Earlier, the chair of the Democratic National Committee, Debbie Wasserman Schultz, brought the gala into session with a strike of the gavel.
Shortly after the convention opened, delegates cheered their backing for the party's new platform in an open voice vote.
Among the changes found in the text of the party's 2012 platform was the removal of language from the Middle East section referring to Jerusalem as the capital of Israel.
That message was replaced with a passage referring to the party's "unshakeable commitment to Israel's security" and Mr Obama's "steadfast opposition to any attempt to delegitimize Israel".
The change prompted criticism from Republicans and Mitt Romney, who accuse Mr Obama of "selling out" a key US ally.
Michelle Obama - press reaction
According to the New York Times' Alessandra Stanley, Michelle Obama's speech was a reminder that the role of president's wife "seems pretty much frozen in the template set by Jacqueline Kennedy and Pat Nixon".
Writing in the The Washington Post, EJ Dionne said the speech was "thoroughly apolitical on the surface" and that it "carried multiple political messages".
Paul West, in the Los Angeles Times, said Mrs Obama set out "to humanise a candidate who often comes across as aloof and remote from the lives of ordinary Americans".
Politico's Jennifer Epstein said Mrs Obama's message was simple: "We are you."
Tuesday's first session saw a series of Democratic governors, members of Congress, mayors and electoral candidates speak in support of Mr Obama and his policies, most notably his much-criticised healthcare reform law.
A video tribute to the late Senator Edward Kennedy included clips from his 1994 Senate debate with Mr Romney, and independent Rhode Island Governor Lincoln Chafee argued that his former party - the Republicans - had lost their way and had forfeited the label of conservative.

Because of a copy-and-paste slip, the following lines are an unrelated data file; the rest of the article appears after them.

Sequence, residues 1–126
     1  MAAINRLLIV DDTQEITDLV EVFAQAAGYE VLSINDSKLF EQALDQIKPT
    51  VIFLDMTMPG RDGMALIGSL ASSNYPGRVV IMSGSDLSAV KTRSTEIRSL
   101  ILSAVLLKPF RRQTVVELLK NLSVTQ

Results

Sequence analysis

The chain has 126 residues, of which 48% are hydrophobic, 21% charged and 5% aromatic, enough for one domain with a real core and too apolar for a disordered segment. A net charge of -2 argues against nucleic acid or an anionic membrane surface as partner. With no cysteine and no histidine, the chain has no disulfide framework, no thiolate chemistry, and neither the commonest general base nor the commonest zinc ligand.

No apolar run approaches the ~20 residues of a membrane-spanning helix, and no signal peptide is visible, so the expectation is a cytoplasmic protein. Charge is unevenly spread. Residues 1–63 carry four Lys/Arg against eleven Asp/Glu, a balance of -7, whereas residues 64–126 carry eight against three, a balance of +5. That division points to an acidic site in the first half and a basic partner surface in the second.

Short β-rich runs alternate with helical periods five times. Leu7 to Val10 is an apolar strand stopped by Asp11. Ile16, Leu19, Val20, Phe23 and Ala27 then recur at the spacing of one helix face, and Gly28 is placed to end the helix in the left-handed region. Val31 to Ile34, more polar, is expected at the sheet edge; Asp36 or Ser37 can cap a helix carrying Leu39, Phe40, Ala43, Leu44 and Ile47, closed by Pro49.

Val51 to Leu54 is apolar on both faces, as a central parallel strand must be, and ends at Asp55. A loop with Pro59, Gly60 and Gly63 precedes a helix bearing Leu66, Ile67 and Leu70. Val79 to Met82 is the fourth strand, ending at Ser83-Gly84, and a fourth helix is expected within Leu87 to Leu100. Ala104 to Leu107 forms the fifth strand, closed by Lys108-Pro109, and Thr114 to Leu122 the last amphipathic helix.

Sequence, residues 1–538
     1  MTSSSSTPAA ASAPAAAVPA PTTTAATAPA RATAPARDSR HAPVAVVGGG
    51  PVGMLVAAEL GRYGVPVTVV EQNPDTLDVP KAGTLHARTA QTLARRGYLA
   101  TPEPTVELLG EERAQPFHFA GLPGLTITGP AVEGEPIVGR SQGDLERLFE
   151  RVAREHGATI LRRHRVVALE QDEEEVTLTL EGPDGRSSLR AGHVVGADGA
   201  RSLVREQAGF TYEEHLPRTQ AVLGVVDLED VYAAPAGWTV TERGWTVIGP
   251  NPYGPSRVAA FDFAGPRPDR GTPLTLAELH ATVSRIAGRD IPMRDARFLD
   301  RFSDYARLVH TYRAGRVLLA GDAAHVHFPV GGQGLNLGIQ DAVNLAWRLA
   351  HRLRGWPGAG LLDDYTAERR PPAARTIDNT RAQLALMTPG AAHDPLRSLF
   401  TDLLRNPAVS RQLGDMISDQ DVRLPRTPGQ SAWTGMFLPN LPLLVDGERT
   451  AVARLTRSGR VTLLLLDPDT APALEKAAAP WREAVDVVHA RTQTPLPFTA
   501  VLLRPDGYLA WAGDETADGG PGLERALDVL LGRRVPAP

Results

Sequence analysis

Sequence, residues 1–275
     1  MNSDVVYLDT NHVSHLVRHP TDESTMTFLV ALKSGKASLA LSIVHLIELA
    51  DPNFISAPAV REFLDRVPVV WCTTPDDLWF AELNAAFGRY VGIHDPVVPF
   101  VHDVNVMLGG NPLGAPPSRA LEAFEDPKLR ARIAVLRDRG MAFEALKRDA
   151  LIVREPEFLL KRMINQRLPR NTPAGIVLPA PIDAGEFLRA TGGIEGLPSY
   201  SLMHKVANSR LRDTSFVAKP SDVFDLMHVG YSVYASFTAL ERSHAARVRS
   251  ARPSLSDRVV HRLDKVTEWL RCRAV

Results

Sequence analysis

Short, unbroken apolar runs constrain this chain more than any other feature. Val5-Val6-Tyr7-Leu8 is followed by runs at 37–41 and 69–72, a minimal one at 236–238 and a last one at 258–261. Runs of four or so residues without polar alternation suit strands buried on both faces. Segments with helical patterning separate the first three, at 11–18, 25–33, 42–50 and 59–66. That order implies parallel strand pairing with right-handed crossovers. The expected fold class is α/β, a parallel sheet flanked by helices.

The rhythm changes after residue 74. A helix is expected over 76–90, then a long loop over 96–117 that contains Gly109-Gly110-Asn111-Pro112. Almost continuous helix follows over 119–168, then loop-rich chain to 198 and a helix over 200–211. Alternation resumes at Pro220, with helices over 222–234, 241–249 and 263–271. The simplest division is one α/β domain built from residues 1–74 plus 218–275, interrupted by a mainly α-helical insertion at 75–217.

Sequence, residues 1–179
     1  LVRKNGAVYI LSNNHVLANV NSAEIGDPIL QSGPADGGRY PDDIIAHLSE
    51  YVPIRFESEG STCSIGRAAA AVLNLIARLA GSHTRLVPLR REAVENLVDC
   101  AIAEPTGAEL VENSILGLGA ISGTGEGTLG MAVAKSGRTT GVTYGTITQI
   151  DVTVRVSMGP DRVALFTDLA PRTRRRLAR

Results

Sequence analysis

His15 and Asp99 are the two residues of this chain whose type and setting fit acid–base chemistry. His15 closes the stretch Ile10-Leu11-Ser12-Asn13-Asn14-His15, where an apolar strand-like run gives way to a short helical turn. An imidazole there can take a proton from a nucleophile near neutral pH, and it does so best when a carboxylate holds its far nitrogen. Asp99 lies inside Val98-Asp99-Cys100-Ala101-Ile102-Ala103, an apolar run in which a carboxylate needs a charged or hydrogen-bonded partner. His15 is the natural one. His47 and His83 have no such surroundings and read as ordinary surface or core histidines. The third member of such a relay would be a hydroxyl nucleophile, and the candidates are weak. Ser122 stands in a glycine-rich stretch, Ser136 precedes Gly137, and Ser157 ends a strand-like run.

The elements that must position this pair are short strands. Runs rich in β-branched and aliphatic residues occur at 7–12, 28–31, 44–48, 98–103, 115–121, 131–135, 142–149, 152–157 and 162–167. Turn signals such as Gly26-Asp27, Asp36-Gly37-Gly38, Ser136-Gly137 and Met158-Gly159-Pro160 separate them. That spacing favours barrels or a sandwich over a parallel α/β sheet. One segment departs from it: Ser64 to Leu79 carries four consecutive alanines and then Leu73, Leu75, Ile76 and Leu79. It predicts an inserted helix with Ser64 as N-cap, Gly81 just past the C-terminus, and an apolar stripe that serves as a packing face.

Former White House Chief of Staff Rahm Emanuel said the next president would set the tone for the next 40 years.
"It will be the president's leadership that determines how we as a nation meet the challenges that face the middle class. It is the president's values that shape a future in which the middle class has hope," he said.
Julian Castro, the Latino Mayor of San Antonio, Texas, gave the keynote address immediately before Mrs Obama.
The Democratic gathering will see Mr Obama and Vice-President Joe Biden formally re-nominated as the party's presidential and vice-presidential candidates on Wednesday.
Later that evening, there will be speeches from Elizabeth Warren, who is fighting Republican incumbent Scott Brown in a high-profile race for a Massachusetts Senate seat, and former President Bill Clinton.
The convention culminates on Thursday with speeches from Mr Obama and Mr Biden.
Republican nominee Mitt Romney is expected to spend the week preparing for a series of debates with Mr Obama.
The gala also offers the Democrats the chance to make a high-profile pitch to voters in North Carolina, a state that narrowly voted for Mr Obama in 2008, but is now firmly up for grabs.